“People are traveling again and adherence to self-quarantine from out-of-state visitors has often been ignored.  Governor Cuomo’s office has required travelers from over half the country to self-quarantine for two weeks when coming to New York.  For the complete list of States, please click HERE

“Additionally, New York City is taking a step to help the state crack down on quarantine orders. Mayor de Blasio announced that the city would implement checkpoints at key entry points in the city, including bridges and tunnels. The New York City Sheriff’s Office will operate the daily moving checkpoints. The checkpoints will stop cars randomly.  To read more about this new quarantine measure, please click HERE,” she wrote.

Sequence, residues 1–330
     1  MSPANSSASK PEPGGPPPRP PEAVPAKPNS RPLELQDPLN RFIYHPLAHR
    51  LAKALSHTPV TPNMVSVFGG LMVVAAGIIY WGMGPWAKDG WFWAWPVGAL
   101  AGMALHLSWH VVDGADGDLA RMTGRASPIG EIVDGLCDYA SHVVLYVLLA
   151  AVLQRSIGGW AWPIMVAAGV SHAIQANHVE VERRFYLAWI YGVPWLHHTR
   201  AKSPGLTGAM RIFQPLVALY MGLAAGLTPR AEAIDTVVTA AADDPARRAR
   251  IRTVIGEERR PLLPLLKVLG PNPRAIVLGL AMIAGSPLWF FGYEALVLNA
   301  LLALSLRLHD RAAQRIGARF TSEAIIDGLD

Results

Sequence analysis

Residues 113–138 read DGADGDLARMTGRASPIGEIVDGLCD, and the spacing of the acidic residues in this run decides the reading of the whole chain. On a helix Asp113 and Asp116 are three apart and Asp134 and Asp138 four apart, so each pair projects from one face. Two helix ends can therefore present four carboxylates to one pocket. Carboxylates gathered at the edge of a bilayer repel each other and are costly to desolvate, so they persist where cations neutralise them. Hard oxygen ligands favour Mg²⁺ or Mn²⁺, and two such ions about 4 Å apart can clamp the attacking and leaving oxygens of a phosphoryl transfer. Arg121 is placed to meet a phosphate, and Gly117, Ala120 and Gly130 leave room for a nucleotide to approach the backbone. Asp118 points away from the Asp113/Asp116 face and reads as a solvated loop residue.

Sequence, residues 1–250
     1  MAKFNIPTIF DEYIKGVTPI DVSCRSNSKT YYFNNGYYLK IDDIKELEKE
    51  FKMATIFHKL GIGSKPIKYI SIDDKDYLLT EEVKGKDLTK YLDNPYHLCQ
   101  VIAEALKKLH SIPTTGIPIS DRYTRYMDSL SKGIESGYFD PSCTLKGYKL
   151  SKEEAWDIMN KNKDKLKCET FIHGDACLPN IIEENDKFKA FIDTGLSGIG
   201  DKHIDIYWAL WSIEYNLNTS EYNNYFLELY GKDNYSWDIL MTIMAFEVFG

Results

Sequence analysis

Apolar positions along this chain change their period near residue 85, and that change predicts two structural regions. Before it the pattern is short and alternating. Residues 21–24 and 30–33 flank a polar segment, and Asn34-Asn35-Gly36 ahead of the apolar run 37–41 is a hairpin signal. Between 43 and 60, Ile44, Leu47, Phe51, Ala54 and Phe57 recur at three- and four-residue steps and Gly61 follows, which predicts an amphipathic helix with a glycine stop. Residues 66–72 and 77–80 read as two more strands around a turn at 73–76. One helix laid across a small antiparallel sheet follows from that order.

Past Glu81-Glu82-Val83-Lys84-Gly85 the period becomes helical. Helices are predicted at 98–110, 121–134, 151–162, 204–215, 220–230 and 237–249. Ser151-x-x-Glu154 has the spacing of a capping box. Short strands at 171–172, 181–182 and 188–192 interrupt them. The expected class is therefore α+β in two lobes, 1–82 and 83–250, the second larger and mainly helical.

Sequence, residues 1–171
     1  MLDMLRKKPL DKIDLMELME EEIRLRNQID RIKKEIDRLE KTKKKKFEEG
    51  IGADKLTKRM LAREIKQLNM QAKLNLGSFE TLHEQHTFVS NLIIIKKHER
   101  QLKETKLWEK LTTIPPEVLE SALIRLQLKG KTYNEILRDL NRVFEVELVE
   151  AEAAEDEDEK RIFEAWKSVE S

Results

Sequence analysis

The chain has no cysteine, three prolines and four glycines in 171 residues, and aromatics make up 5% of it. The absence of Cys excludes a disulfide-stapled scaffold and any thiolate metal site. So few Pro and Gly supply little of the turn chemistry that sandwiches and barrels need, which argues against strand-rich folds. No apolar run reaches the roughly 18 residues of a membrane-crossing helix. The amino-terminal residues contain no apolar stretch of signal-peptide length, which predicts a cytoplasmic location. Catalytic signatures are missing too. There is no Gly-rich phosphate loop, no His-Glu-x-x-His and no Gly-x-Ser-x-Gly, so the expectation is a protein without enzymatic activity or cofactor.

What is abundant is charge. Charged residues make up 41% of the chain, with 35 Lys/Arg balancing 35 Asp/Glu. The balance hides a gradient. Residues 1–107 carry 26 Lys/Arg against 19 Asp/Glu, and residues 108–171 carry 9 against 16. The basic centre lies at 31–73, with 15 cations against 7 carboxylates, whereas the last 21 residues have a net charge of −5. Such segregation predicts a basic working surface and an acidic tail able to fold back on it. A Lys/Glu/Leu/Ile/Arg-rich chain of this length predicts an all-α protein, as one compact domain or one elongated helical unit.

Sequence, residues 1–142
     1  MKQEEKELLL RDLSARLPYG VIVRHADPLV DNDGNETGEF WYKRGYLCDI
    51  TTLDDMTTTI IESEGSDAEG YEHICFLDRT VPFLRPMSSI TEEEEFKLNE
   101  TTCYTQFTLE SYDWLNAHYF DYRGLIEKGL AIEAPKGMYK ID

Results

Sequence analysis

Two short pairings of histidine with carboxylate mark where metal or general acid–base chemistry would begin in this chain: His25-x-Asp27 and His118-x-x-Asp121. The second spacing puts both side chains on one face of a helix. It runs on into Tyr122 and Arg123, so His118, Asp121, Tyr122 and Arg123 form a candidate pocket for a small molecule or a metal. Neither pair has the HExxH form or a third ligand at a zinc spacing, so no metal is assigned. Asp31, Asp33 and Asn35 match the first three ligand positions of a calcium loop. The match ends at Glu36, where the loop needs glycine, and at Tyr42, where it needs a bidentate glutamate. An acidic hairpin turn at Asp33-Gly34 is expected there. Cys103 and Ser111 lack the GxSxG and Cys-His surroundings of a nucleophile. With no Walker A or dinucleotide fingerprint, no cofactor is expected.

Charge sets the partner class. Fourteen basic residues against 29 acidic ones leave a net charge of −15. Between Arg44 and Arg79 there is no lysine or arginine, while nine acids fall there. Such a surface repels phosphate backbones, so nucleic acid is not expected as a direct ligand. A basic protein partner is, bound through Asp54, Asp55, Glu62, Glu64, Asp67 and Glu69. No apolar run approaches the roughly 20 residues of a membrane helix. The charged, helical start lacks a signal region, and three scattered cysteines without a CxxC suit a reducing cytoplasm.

Rose: Stop Playing Political Games with National Guard  

Max Rose
U.S. Rep. Max Rose

U.S. Rep. Max Rose (D-Southern Brooklyn, Staten Island) joined with more than 30 lawmakers in urging the Trump Administration to extend the activations of men and women in the National Guard for the entire duration of the declared disasters and emergencies so they can continue to assist with the nation’s fight against the COVID-19 pandemic uninterrupted.

“This Administration continues to discount the gravity of the pandemic and the critical role the National Guard plays in the response,” said Rose. “It undermines the Guard’s mission to wait till the last moment to extend orders, and disrespects their incredible service and contributions to slash federal funding. Our soldiers deserve better.”

 The letter demands the Administration explain the change in the federal cost-share of National Guard deployments which will force cash-strapped states to cover a quarter of the cost, resulting in states being burdened with millions in unforeseen expenses. The lawmakers also raised concerns about why Florida and Texas are the only states exempt from the new cost-share agreements.